“If we’re not making any more noise than the bars down here, I don’t understand what the problem is.”

The problem is that when residents complain about the noise after midnight, the police have to show up to the scene, and that is when the situation gets confusing.

Because there is no busking permit, the police can’t enforce the rules that would go along with such a permit. The peddler’s permit doesn’t have time restrictions, so the duo isn’t breaking any type of agreement or law. Even though they are not doing anything wrong, they are being forced to close up shop before their biggest financial backers have a chance to hear them play.

Heath Combs, lead singer and guitarist of the group “Twin City Buskers,” is sympathetic toward street performers in Winston-Salem. He and his bandmates began playing downtown six years ago.

“For a lot of artists in this town, playing on the street is the only way they can become accessible to a larger audience. Playing on the street is a way to hone your craft and it kind of serves as an arts incubator. We’ve secured many regular gigs because of our busking gigs.”

While he encourages busking, Combs also understands that not everyone is a fan of the art.

“From what I understand about the science behind sound, it can ring a lot louder upward than it does on the street. There are street performers who can be a nuisance, and I completely understand police cracking down on some who’ve been annoying to folks who just want to drink a couple beers downtown.”

If he could offer a solution, it would be that the City adopt some kind of a way to keep performers on the streets.

“They do it in Asheville. It has to be an area that gets a lot of foot traffic so performers can generate some cash.”

Combs also wants to point out that Winston-Salem streets have seen some of the best buskers of all time.

“At least two blues legends busked the streets of Winston-Salem. They are immortal in blues circles – Guitar Gabriel and Big Ron Hunter.”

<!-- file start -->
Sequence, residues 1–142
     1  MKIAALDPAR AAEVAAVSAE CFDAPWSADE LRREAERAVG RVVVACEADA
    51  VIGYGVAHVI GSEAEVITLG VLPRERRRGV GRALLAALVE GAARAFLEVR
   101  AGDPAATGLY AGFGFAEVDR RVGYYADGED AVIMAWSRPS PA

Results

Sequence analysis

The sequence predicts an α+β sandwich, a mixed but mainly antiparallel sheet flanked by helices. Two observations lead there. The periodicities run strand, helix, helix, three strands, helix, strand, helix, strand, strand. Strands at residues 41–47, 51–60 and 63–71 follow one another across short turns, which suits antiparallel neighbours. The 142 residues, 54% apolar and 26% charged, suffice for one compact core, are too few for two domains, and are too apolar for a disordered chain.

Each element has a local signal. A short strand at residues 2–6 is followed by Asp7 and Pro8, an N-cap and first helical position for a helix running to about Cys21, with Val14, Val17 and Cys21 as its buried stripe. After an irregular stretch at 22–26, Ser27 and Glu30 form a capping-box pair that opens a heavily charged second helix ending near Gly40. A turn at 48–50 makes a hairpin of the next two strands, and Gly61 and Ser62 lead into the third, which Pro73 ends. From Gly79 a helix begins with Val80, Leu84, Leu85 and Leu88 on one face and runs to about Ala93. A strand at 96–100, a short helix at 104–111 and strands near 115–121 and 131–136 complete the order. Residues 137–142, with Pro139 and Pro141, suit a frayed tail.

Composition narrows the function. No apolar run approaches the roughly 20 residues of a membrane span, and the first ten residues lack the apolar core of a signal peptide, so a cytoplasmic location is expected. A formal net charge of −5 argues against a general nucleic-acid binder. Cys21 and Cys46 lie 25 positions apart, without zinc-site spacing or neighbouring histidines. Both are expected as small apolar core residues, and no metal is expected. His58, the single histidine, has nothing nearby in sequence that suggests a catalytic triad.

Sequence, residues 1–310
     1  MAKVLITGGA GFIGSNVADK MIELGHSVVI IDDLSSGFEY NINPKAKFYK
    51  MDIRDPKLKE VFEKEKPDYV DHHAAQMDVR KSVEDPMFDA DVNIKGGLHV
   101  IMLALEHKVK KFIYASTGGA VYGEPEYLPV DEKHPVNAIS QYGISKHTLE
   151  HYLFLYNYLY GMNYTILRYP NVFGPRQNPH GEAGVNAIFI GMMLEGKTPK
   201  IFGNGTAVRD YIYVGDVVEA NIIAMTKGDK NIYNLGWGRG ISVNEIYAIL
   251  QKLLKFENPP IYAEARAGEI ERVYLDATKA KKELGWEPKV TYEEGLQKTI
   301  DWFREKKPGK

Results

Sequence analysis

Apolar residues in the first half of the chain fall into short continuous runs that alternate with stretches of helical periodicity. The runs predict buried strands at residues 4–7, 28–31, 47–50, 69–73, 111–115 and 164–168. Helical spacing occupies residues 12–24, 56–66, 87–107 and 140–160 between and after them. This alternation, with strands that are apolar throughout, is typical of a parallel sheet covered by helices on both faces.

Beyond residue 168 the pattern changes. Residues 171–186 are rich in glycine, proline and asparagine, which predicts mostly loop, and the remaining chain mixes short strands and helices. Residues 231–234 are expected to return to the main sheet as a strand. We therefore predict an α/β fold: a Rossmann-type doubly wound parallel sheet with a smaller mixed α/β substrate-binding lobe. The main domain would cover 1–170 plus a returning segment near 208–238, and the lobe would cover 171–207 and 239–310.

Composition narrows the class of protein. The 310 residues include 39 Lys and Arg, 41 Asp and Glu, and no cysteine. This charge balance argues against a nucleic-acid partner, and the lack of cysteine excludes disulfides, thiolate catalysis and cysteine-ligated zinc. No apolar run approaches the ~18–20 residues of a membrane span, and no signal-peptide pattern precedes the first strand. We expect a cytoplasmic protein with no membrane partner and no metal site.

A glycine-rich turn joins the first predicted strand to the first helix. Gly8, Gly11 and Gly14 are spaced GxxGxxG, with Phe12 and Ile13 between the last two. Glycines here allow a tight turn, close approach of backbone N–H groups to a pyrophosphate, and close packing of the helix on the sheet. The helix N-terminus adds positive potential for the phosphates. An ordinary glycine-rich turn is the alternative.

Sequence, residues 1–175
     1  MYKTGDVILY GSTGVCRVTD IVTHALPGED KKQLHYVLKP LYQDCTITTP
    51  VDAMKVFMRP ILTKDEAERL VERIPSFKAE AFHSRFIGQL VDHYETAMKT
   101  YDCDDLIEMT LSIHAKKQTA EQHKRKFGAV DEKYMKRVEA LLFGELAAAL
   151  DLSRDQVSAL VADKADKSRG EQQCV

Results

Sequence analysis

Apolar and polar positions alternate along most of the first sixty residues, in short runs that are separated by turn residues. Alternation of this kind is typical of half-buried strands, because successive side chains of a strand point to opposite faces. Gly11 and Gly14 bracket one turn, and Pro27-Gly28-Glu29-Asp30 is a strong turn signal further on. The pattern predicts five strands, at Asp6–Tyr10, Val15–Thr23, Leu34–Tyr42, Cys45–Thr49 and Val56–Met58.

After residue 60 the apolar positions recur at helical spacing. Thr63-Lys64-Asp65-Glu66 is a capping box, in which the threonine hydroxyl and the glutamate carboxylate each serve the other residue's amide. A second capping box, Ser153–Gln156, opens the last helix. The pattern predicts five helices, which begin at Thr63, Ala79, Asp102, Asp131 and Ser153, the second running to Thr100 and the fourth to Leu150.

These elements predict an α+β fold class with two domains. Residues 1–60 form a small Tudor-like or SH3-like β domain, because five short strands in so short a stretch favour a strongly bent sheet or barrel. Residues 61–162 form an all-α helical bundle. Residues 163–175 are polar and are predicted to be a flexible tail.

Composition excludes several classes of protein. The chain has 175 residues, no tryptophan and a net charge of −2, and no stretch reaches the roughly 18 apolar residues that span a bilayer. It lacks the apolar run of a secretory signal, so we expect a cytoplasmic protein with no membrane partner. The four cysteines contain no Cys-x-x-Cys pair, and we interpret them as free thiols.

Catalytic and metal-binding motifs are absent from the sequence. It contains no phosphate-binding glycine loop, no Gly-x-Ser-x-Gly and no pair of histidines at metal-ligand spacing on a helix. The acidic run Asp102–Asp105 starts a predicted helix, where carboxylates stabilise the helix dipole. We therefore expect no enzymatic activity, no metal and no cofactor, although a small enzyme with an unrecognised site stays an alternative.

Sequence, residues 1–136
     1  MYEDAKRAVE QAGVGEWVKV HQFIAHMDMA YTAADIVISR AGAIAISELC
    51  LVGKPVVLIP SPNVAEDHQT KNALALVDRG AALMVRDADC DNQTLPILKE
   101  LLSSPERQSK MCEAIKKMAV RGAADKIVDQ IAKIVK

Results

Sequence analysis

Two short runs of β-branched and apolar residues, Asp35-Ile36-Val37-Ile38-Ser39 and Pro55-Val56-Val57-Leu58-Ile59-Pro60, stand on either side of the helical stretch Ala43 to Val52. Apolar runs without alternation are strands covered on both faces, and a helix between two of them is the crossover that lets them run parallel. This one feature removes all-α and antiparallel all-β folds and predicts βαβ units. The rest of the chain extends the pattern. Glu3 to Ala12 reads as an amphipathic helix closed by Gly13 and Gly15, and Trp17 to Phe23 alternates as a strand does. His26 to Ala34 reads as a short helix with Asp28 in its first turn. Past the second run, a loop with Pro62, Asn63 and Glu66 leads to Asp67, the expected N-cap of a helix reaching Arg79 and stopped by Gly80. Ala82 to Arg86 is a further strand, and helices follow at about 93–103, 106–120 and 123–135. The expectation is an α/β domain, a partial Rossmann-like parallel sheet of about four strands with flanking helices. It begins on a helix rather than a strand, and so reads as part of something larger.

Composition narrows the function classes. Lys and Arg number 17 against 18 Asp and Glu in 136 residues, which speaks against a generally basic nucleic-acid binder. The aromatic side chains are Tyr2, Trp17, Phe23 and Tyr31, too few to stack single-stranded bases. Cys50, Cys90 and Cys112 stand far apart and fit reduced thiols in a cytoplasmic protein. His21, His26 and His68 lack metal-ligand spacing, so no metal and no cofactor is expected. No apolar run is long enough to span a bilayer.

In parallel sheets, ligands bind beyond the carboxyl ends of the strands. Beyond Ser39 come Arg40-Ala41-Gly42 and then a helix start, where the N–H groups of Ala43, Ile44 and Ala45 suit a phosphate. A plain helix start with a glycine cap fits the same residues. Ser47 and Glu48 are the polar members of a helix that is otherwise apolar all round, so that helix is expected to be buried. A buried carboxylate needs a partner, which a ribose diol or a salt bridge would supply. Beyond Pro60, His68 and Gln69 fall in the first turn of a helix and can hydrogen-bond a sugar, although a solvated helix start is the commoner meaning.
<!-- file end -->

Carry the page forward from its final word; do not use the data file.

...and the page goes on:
Combs believes in the City’s talent, and he hopes a solution is found to make everyone happy. He believes in the future of downtown.

“Hopefully more street performers is just one more reason to come downtown.”

Until Winston-Salem adopts a way to work more actively with buskers, there will be issues. Robson just asks that the City be reasonable.

“I understand that the City wants to have a certain degree of prudence, but if I’m not making any more noise than anyone else, I don’t understand what the problem is.”

“We live in a country of entrepreneurial spirit and in the ‘City of the Arts,” Robson says,” We just want them to live up to their name.”

Robson hopes that a solution will soon be found because he wants to keep playing for the people of Winston-Salem.

“We love the people here. We want them to know how much we appreciate their love and support.”

Robson knows that every day on the corner of 4 th and Spruce is unpredictable. The foot traffic is different. The money is different. The weather is different. His line of work is filled with variables, but two things remain consistent: his love for the City, and his desire to play for its people.

Julian Robson will still get up in the morning. He will still drink his coffee, and he will still get ready for work. He will still head over to his corner office, and he will still play his music for the people of Winston-Salem until he is told to close up shop for the night.

Robson believes in being consistent in a line of work filled with inconsistencies. !


Due to a reporter’s error the contact information for a record store in an article last week was incorrect. The correct information for Jukebox Oldies is 120 Reynolda Village in Winston-Salem. The telephone number is 336-408–8383. Contact to report errors in print.